Skip to main content

Why Apple’s next MacBook already feels like a disappointment

The back lid of the MacBook Pro.
Image used with permission by copyright holder

It’s been an exciting couple of years of new Mac releases.

Last year we got the redesigned M2 MacBook Air. The year before that was the M1 Max MacBook Pro. And this year? Rumor is we’re getting a 15-inch MacBook Air. That’s right — yet another MacBook for the lineup.

Unlike those aforementioned laptops, though, this 15-inch MacBook Air doesn’t have me quite as excited. We don’t know a lot about this new MacBook, so understand that a lot of what I’m about to say comes with a caveat. But from what we can deduce so far, it may end up being one of the most uninteresting new MacBooks in recent memory.

Pro or Air?

A name means something, especially for Apple. The company has always made a clear delineation between its two MacBook lines, the MacBook Pro and MacBook Air. As for the MacBook Air brand, it’s always meant two things: supreme portability and entry-level pricing. If this upcoming laptop does, indeed, continue with the brand, it’ll most likely hit these two hallmarks.

The 15-inch MacBook Air will likely be a sized-up version of the M2 MacBook Air, which has a 13-inch screen. That means it’ll be quite thin, among the thinnest 15-inch laptops that exist. Of course, this isn’t the first time Apple has two sizes of the same laptop. Apple used to have an 11-inch version of the MacBook Air alongside the 13-inch model, although it was discontinued in 2015. There are also the two sizes of the current MacBook Pros, the 14-inch and 16-inch.

A side of the MacBook Air showing the ports.
Digital Trends

So, this is not a problem, but it should offer expectations for what this product will be. It will most likely use the same M2 chip, and thus have the same pesky port limitations. You’ll be stuck being able to connect just one external monitor, which limits the kind of laptop this is and who it’s for.

Now, there’s one rumor that indicates that the 15-inch MacBook Air will come in two configurations, such as an M2 Pro. It comes from analyst Ming-Chi Kuo, a reliable source, and would certainly change what’s on offer for the 15-inch MacBook Air. Then again, having the M2 Pro in a MacBook that explicitly isn’t a Pro laptop would be a little strange too. It would also directly compete with the MacBook Pro 14-inch, which would be a similar-sized laptop (albeit a bit thicker) that also offers an M2 Pro chip.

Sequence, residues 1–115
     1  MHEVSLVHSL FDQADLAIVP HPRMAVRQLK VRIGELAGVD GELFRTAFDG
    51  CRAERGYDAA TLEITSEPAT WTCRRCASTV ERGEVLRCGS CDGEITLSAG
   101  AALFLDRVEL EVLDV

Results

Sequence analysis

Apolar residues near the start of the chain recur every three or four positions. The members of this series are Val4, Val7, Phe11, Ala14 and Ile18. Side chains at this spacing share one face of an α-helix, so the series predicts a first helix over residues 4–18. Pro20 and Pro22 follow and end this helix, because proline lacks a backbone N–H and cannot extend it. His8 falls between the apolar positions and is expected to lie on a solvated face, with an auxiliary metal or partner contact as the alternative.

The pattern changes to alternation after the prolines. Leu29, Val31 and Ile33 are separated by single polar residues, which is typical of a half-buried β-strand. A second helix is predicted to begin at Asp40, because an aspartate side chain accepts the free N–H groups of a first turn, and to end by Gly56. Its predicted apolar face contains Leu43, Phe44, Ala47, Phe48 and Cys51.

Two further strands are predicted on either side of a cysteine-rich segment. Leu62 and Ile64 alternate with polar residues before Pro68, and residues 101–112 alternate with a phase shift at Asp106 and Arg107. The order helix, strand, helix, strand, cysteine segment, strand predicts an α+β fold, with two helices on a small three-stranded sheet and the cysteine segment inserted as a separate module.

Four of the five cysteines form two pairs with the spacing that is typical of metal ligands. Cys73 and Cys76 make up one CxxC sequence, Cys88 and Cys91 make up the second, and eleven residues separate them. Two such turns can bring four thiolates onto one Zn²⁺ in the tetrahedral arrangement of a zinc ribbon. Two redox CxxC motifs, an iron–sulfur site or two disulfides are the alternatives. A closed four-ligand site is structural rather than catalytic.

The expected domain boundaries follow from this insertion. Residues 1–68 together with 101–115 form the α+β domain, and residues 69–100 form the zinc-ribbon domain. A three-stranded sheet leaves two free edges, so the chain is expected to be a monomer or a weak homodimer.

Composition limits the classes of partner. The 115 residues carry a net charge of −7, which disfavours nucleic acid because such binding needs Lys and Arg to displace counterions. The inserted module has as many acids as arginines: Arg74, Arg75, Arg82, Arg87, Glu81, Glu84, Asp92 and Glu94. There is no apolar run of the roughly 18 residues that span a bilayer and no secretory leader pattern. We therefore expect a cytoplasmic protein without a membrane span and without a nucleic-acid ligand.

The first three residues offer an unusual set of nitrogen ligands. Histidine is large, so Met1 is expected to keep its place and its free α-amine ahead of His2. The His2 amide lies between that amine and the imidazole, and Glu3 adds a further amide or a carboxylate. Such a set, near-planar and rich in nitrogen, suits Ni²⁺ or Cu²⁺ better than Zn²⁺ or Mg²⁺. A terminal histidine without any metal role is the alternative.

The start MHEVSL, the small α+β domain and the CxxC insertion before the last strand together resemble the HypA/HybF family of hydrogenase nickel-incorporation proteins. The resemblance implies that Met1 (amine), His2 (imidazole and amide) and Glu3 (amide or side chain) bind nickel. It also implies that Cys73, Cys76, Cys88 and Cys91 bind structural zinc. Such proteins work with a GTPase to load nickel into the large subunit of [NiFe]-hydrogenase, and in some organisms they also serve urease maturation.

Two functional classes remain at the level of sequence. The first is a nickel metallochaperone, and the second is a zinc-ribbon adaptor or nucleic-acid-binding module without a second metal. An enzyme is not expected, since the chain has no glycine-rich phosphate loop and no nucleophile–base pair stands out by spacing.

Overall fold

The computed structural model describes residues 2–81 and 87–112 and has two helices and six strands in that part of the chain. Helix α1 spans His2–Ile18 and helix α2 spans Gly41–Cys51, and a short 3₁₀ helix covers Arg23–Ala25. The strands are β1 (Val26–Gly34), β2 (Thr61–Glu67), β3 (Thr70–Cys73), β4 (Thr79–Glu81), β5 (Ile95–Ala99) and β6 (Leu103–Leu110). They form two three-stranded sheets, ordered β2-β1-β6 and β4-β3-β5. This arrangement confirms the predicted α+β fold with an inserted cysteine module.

And that’s really the problem. I know Apple wants to fill in the price gap between the MacBook Air and the MacBook Pro, but it’ll only muddy the waters and weaken the positioning of those respective lines. That’s something we already see with the awful 13-inch MacBook Pro in the mix, leaving the potential buyer to wonder how any of these products compare to one another.

Bigger screen, less performance

The Surface Laptop 5 on a table in front of a window.
Microsoft Surface Laptop 5 Microsoft

A 15-inch MacBook Air is more than just an in-between product, though. But a product needs to have a target demographic on its own, not just be something that fills a slot in the lineup. And for a 15-inch MacBook Air, it would be people who do most of their work or school on the go and like the idea of a larger screen, but don’t need the extra performance.

There are two approaches Apple could have taken to a MacBook with a larger screen without extra performance.

Some manufacturers choose to sell large laptops that have the space for discrete graphics, but also offer cheaper configurations without the graphics. The Dell XPS 15 and HP Envy 16 is a good example. These are fairly thick laptops, but they can be configured with Nvidia discrete graphics. Apple could have taken this same approach, choosing to sell a 14-inch or 16-inch MacBook Pro with just a standard M2 chip.